There are two related questions I get from new gardeners: “What is a planting zone?” and “What planting zone do I live in?” These questions arise because whenever you go to buy a plant, whether it’s online through a seed catalog or at a garden center, the plant description will include information on the planting zones where the plant can be grown.
This week, I’ll do my best to dispel some of the confusion around planting zones. I’ll define planting zones, discuss how to figure out what planting zone you live in, and provide links to maps showing planting zones in the United States and Canada.
What is a Planting Zone?
A planting zone, better known as a United States Department of Agriculture (USDA) Plant Hardiness Zone, is a geographic area determined by average winter temperatures. Basically, how cold does it get?
For each of the 11 different planting zones in the United States, there is a 10 degrees Fahrenheit difference between one planting zone and the zone adjacent to it. Planting Zone 1, in Alaska, is the coldest, and planting Zone 11, in Hawaii, is the warmest.
For gardeners and farmers, planting zones provide a guide for what plants grow well in certain areas. It comes down to not only how cold it gets, but whether a particular plant will be hardy enough to survive those cold temperatures.
In the plant descriptions provided by nurseries, you should always see information about the planting zones in the United States where the plant can be grown. For example, let’s say you were interested in planting Heritage raspberries. Whether you purchase the plants online or in a garden center, you would see that Heritage raspberries grow well in USDA Plant Hardiness Zones 4 to 9.
More Confusion: What’s a Sunset Climate Zone?
I don’t want to make things complicated, but if you live in the western United States, you’ve probably also been confused by the Sunset climate zones. The Sunset climate zones and USDA Plant Hardiness Zones do not always match up.
These planting zones were established by Sunset Magazine and have been around for the past 40 years. The 24 Sunset climate zones are much more specific and are based on not only average low temperatures, but rainfall, the length of the growing season, humidity, and average summer high temperatures as well.
Because of the zones’ specificity, most garden centers in the western United States use Sunset climate zones on their plant tags. If you live in the West, it’s best to know which Sunset climate zone you live in. However, it is still important to know what USDA planting zone you live in because, if you order plants from online garden catalogs in the Midwest or eastern United States, they will use the USDA Plant Hardiness Zones in their plants’ descriptions.
Thoroughly confused yet? I know.
What Planting Zone do I Live In?
Ok, so you’re standing in the nursery and the tag on the plant you’re thinking about buying says it grows well in zones 4 to 9. What does that mean? You’re probably asking yourself, “What planting zone do I live in?” This is where a little garden research before you venture out to buy plants can really help you.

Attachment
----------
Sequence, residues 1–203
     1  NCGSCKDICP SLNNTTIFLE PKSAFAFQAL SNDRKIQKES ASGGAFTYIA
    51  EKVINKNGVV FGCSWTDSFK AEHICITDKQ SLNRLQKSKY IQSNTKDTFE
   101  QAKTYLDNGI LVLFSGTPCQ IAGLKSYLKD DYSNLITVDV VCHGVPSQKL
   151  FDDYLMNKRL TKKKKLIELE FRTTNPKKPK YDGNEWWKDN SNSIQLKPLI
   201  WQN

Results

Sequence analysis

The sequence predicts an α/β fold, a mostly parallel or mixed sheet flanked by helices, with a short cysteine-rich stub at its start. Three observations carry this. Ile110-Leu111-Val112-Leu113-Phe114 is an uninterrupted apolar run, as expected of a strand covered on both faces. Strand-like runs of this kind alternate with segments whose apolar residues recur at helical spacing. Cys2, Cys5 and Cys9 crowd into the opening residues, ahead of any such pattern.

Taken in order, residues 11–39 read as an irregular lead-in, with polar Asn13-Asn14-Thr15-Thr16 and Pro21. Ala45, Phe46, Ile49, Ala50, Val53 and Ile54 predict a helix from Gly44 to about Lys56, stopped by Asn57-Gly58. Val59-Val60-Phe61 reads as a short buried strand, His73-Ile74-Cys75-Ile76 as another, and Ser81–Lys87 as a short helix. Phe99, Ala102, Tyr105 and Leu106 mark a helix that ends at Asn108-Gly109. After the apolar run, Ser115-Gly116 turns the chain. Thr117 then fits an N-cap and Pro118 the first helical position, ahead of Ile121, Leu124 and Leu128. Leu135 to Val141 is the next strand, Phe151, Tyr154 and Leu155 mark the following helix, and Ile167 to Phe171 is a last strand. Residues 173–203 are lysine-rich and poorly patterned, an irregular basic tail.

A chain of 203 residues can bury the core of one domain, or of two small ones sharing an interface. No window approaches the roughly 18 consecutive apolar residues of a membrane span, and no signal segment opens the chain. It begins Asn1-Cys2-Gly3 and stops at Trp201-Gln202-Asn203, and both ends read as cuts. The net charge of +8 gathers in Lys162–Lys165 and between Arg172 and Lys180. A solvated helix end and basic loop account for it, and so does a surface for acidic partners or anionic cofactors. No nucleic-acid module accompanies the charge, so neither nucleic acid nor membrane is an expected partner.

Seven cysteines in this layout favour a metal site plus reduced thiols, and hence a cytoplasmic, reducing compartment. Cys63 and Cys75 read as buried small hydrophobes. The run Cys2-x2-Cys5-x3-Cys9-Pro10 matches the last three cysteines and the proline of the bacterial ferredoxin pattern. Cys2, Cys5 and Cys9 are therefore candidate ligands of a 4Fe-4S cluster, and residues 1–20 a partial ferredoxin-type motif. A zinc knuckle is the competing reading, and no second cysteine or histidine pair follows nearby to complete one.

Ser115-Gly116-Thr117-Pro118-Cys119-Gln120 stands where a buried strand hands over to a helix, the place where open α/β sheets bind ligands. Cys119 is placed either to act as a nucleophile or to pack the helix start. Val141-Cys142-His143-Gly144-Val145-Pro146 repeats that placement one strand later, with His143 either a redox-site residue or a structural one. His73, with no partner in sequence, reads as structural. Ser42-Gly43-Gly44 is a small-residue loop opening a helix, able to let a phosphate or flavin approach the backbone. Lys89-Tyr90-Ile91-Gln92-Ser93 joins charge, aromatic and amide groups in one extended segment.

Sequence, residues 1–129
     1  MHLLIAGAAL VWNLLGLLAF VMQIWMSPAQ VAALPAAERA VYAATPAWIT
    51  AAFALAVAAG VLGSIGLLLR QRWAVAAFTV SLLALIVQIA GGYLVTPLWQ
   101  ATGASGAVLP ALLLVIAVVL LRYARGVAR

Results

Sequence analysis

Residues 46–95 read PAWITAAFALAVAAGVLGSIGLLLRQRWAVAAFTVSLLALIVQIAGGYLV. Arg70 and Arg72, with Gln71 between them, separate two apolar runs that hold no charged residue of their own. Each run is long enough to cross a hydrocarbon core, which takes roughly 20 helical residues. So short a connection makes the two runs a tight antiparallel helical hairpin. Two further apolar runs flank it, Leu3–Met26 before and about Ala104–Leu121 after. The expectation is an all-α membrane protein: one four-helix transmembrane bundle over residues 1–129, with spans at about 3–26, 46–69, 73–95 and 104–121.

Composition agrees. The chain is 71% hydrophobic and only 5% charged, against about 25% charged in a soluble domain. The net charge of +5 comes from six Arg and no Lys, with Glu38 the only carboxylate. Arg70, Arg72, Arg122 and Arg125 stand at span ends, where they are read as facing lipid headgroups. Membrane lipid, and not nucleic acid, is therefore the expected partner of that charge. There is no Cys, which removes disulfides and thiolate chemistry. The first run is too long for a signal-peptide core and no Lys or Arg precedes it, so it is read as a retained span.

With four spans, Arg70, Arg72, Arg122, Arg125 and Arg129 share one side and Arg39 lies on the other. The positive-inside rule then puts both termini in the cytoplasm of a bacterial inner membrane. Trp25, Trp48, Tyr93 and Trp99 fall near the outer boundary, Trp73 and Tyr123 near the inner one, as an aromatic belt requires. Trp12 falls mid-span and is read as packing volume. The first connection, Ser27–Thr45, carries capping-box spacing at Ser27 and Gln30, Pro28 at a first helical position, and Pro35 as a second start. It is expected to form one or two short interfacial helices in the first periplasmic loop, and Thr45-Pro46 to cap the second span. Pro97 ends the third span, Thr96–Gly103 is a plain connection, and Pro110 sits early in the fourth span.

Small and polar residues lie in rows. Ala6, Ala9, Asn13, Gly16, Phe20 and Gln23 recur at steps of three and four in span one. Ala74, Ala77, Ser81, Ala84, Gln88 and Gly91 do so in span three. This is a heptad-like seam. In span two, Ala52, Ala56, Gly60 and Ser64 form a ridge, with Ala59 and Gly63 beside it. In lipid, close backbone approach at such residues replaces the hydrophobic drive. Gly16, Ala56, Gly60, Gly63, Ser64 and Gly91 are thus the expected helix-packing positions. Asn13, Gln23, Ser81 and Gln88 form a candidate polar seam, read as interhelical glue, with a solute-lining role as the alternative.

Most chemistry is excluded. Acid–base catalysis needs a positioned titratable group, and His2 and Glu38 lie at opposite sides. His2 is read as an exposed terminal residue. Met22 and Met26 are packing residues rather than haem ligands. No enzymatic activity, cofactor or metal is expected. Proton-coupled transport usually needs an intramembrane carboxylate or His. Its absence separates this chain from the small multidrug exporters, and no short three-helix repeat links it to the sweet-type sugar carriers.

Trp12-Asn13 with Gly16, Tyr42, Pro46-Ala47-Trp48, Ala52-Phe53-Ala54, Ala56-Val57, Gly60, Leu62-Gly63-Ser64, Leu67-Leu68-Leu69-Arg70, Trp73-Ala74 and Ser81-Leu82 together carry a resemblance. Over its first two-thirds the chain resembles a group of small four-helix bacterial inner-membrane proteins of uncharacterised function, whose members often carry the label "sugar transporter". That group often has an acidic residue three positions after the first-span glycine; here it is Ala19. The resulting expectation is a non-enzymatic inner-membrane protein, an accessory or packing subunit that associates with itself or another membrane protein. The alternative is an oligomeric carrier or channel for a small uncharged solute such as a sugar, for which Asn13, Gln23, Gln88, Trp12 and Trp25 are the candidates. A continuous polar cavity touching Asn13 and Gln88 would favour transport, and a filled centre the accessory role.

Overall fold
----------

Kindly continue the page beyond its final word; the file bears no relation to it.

But, let’s back up for a second and take the pressure off. First of all, it’s important to know that you don’t have to be a slave to planting zones and follow them precisely. The planting zones for the United States are a guide after all. Thankfully, there is some wiggle room, and, of course, some unpredictability when dealing with nature.
Let’s say you live in USDA Plant Hardiness Zone 3, but you don’t know that. You haven’t done your homework. It’s possible that you could find a plant at the garden center that does well in planting zones 4 to 9. It’s also possible that for the first two winters you have that plant in your garden, it could grow beautifully; maybe you have a mild winter, maybe it’s planted in a protected spot in your garden, or maybe the plant is particularly strong for its species. Whatever the reason, your zone 4 to 9 plant survives in your zone 3 garden.
Then, during the third winter, your plant dies. This happens, and it’s not the worst thing in the world. In fact, in colder climates, many of the plants sold as colorful, summer, container plants are, in fact, herbaceous perennials that thrive year-round in warmer climates. Yes, it’s money wasted, but it’s not the end of the world.
But you’re still asking, “What planting zone do I live in?”
Well, folks, that’s why there are maps.
Maps of Planting Zones in the United States and Canada
Luckily, planting zones in the United States can be found through the USDA and Sunset Magazine. You’ll see that planting zones on the USDA Plant Hardiness maps are broken down further into “a” and “b” zones with differences of 5 degrees Fahrenheit between them. A similar map of the plant hardiness zones in Canada is also available.
The Sunset climate zones can be found on their website and differ slightly from the USDA planting zones. According to Sunset, Seattle is in Sunset climate zone 5, but according to the USDA, Seattle is in USDA Plant Hardiness Zone 8b.
Clear as mud? As baffling as it may seem, don’t worry about it. The bottom line is: If you live in the western United States, use the Sunset climate zones. If you’re in the Midwest or the eastern United States, stick to the USDA plant hardiness zones.
Now that you know what planting zone you live in, go plant something.